Several days later, I was before the Blessed Sacrament in adoration. I have a set pattern to my Holy Hour. The first 10 minutes or so I offer up my intentions and those of my friends and family. Petitions done, I had just started my rosary when I realized I had forgotten about my friend’s brother. I was frustrated for having let this urgent prayer request slip my mind. But I took a quick prayer detour and spent the next couple minutes pleading with God to help this man in his last days on Earth. I made special note of the time (12 minutes after the hour) since I was now slightly off my regular schedule. (Can you say O.C.D?!)
When I arrived home later, I saw an email pop up that announced the death of my friend’s brother. He had expired at twelve minutes past six that very morning—the precise time I had been praying for him. I promptly responded letting the family know I had remembered him in my intentions before the Eucharist. I remarked how I had made note of the time in adoration and that it corresponded with the time of his death mentioned in the email. I also shared that we had been praying for him all week, even the kids, although our oldest was insistent that he was waiting for a miracle. I included that to point out his childish innocence and faith. I knew she’d find it endearing.
An email response came quickly thereafter. My friend concluded, “Let your son know he got his miracle!” At that moment it dawned on me that his daring prayer had been answered, not in the way he intended, but God had provided a miracle of sorts. My son prayed boldly and God heard him.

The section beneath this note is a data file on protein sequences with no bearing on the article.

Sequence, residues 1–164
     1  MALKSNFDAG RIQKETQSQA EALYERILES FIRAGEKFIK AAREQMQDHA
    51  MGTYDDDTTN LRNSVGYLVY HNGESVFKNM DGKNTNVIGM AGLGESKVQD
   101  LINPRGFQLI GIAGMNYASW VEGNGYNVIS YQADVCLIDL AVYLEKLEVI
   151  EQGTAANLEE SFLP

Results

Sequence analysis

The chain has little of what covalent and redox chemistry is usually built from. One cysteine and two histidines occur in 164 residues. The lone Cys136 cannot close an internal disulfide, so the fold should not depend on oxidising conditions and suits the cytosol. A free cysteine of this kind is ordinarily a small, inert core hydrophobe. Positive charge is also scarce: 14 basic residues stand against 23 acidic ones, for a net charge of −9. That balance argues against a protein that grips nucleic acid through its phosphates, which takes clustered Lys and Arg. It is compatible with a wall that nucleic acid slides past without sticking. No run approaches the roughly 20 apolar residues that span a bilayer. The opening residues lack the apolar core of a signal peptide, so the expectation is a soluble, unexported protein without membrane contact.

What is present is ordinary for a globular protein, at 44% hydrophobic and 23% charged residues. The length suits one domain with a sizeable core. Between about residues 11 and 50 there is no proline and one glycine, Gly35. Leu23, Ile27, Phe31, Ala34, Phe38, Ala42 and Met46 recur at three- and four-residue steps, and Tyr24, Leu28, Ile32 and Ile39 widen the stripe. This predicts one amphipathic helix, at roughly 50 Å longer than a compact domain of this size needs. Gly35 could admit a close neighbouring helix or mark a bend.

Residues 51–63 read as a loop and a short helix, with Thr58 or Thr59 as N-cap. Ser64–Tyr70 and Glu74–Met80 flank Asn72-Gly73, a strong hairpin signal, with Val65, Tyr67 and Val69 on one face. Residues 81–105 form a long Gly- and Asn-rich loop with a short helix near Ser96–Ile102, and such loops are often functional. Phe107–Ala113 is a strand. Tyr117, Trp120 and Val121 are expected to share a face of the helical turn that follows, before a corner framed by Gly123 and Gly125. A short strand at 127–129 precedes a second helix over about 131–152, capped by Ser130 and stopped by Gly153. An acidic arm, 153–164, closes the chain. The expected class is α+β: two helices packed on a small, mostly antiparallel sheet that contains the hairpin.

At that time the disciples approached Jesus and said, “Who is the greatest in the kingdom of heaven?” He called a child over, placed it in their midst, and said, “Amen, I say to you, unless you turn and become like children, you will not enter the kingdom of heaven.
—Matthew 18, 1-3
I’m seeing prayer through a new set of eyes. Being in a truly loving relationship means we don’t tell someone what we think they want to hear. That’s a sham. We tell them all—our most outrageous dreams, hopes, and whimsies. We divulge our deepest yearnings and our seemingly unreachable goals. We share them and bond over them. My husband and I have always shared the faraway dream of packing up and moving to rural France where we will raise chickens and eat lots of amazing cheese. It’s certainly not a safe, practical dream. In fact, it’s rather unlikely, given our current financial situation. We have three kids we have to put through college for goodness sake. But that doesn’t stop us from talking about it or musing about what our life would be like. It’s something we share, just the two of us, even if it never actually happens.
I think God desires that same intimacy with me. So I’ve begun to pray in a new way. It hasn’t been the most natural transition, but I’m doing my best to set aside the awkwardness of feeling selfish about my desires. I’m beginning to pray boldly. To my mind, I have become the kid who compiles his Christmas list with gleeful delight with no regard for feasibility. I’m praying with reckless abandon. For the first time in a long time, at least since I was ten years old, I’m holding out for a miracle. It feels pretty great.
*If you’re interested in the article on prayer it can be found in chapter 4 of a book by Lisa Brenninkmeyer titled, “Opening Your Heart.” Go to walkingwithpurpose.com to learn more.